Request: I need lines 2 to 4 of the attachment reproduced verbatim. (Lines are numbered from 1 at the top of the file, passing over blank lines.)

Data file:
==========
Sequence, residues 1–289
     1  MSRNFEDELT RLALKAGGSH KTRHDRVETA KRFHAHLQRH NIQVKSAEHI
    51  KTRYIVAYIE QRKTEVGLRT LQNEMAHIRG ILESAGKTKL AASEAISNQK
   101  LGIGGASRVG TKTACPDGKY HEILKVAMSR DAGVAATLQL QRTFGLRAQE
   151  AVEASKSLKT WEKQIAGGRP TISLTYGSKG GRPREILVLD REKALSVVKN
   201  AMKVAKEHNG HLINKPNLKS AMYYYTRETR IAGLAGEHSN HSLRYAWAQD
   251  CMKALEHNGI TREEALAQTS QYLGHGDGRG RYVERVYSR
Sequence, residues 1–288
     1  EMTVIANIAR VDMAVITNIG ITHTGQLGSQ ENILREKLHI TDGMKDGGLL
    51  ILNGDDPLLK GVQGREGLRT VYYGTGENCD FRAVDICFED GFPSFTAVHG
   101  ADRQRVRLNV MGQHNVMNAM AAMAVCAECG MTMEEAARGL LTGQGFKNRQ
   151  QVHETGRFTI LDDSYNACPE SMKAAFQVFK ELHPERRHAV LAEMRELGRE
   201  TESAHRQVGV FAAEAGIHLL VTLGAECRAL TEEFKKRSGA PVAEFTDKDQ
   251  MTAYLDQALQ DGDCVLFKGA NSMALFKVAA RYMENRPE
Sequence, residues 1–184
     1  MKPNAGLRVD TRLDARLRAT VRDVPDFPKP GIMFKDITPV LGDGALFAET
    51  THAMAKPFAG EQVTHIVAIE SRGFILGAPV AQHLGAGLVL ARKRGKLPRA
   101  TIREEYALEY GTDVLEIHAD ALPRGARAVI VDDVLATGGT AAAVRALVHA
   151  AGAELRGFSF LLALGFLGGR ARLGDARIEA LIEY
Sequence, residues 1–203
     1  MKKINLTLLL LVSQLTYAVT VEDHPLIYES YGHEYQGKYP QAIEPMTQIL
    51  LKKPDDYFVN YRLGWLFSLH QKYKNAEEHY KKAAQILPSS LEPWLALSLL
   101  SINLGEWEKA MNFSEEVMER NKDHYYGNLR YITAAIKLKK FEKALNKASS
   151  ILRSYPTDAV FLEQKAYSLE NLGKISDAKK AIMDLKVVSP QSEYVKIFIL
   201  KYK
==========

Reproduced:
     1  MSRNFEDELT RLALKAGGSH KTRHDRVETA KRFHAHLQRH NIQVKSAEHI
    51  KTRYIVAYIE QRKTEVGLRT LQNEMAHIRG ILESAGKTKL AASEAISNQK
   101  LGIGGASRVG TKTACPDGKY HEILKVAMSR DAGVAATLQL QRTFGLRAQE